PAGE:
We waited for the Queen's Speech, but there was nothing in it about adoption reform. Consequently, I have taken the opportunity to address the issue in my Bill. Moreover, I generously offered in writing to allow Ministers to use that opportunity to introduce their own draft Bill to reform adoption law. However, my offer was churlishly rejected on the grounds that a private Member's Bill would be piecemeal and could not possibly introduce such legislation. Well, Ministers were already making a mighty assumption about what my Bill should contain. As the Minister of State knows, I have told him that my Bill should contain the White Paper proposals which have received consensual support and require primary legislation. That offer was generously made.

Last week, at Prime Minister's questions, the plot seemed to thicken. In answer to a question asked by my right hon. Friend the Leader of the Opposition, the Prime Minister said that the Government would introduce legislation in this Session to reform adoption. That was very interesting. We have probed the Government on the matter of "this Session" because, as we are all aware, it seems that there is not a great deal left of this Session.

Mr. Bercow: Given that, as my hon. Friend rightly says, the Government's legislative priorities are perverse and are likely to be regarded with rank disdain by millions of people who believe that the adoption issue should be properly addressed long before and instead of that of hunting, does she agree that the great danger is that the Government will not want to reach that sixth Friday, for they will not want to suffer the public opprobrium to which they would be subject if her patient and articulate advocacy of her measure were effectively to show up the Government's failing in that regard?

Mrs. Spelman: I thank my hon. Friend for that intervention. I think that he is thinking precisely as I am--that the subject of my private Member's Bill, in the context of the concertinaed time scale afforded us, is a source of very real embarrassment to the Government; and so it should be. Undoubtedly when history looks back at the Government's choice of legislation which they could have passed in this Parliament with their very large majority, their failure to introduce legislation reforming adoption will be particularly regretted.

I hope that I have the opportunity of a Second Reading for my Bill, as I shall use it to underline the point that the Government undertook to introduce such reform. Indeed, at last week's Prime Minister's questions, the Prime Minister promised to introduce such reform. It will be very interesting to see what happens. I should add that the

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Adoption (Intercountry Aspects) Act 1999, to which the Government have referred, has already been enacted. It would not, therefore, serve to fulfil the Prime Minister's promise.

As a holder of one of the opportunities to promote private Member's legislation, I feel passionately about this debate. More time could have been allowed to consider private Members' Bills, and the Government could have chosen a better set of priorities. Those two factors would have made a substantial difference to the way in which I view restrictions on Back Benchers' opportunities to deal with very important matters.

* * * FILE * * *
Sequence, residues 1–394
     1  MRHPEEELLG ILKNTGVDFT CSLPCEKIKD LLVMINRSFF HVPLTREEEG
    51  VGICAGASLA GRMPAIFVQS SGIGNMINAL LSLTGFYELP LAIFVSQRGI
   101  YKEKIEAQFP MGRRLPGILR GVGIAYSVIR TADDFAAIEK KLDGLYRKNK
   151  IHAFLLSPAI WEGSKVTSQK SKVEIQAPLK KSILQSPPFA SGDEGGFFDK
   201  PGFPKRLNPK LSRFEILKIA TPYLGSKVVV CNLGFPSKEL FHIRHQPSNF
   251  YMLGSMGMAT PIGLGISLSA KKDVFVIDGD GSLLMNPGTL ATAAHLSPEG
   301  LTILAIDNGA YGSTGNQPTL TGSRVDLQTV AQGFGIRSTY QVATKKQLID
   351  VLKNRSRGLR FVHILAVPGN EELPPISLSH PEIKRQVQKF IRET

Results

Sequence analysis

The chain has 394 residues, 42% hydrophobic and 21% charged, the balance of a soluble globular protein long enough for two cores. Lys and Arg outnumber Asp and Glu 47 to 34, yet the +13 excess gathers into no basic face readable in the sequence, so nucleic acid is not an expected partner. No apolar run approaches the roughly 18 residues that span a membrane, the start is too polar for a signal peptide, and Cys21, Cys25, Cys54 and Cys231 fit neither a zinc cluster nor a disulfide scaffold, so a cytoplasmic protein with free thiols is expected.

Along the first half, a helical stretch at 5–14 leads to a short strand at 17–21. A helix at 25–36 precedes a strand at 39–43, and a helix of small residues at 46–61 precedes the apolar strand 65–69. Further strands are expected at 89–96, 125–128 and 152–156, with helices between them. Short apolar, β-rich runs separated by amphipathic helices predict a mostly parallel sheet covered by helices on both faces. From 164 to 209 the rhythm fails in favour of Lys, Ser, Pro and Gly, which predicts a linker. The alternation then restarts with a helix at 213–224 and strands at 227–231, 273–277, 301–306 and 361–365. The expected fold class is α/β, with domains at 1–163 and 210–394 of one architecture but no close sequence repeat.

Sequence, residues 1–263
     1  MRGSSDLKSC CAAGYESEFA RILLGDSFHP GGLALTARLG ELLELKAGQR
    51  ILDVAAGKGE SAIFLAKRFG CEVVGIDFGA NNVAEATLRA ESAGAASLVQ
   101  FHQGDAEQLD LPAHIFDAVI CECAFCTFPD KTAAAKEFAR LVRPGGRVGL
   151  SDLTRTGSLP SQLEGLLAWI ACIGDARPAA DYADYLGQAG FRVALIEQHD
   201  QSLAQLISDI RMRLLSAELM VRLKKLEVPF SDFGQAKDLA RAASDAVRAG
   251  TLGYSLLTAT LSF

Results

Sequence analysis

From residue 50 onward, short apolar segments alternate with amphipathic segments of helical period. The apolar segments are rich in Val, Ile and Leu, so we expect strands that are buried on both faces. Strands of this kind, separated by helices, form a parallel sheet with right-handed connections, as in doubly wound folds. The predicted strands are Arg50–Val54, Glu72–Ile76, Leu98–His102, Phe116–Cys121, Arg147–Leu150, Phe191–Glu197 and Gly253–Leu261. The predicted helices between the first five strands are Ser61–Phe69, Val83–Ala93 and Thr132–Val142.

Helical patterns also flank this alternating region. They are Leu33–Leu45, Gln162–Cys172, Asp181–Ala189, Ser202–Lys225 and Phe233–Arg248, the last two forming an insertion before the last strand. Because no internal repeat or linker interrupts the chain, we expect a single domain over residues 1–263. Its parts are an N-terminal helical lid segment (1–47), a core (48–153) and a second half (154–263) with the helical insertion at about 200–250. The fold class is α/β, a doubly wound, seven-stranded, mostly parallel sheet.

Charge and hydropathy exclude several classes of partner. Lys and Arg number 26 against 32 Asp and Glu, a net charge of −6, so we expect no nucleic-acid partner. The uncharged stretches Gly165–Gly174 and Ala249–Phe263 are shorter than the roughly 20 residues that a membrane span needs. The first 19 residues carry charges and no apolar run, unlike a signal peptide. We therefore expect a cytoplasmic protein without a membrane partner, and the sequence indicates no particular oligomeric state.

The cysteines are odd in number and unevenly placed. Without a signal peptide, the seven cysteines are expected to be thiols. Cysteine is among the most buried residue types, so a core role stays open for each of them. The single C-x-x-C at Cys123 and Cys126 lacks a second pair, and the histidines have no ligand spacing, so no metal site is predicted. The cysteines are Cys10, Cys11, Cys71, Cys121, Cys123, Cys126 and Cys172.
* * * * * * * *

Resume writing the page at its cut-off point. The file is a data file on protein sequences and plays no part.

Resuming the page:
Mr. Redwood: Has my hon. Friend been approached by representatives of the Government to say that they find her initiative very helpful and that they would like her to help draft the Bill, as it might get the Prime Minister off the hook? Or has there been absolutely no dialogue at all, and does the Prime Minister seem not to wish to honour that particular pledge?

Mrs. Spelman: I am very sorry to tell my right hon. Friend that my overtures have been rebuffed. Perhaps we should not be entirely surprised about that. I have certainly written twice to the Minister, reiterating our offer and making it clear that my opportunity to promote a private Member's Bill could be a vehicle for the Government's own draft Bill. We know that a draft Bill already exists. I have asked for a copy of it, but I have not been afforded one. After the Prime Minister's response at Prime Minister's questions last week, we probed the Government on the issue, but there has been no clarification of what legislation he plans to introduce in this Session, as he has promised to do.

Mr. Hogg: Is my hon. Friend saying that she has given the Government the opportunity to use her Bill to implement their own stated commitments? If that is so, can she explain why they have not taken advantage of the offer?

Mrs. Spelman: I note the tone of incredulity in my right hon. and learned Friend's voice. However, incredulous though he may be, the situation that I have described is absolutely true. My only conclusion on why the Government have so churlishly rejected my offer is that they are too proud to accept it.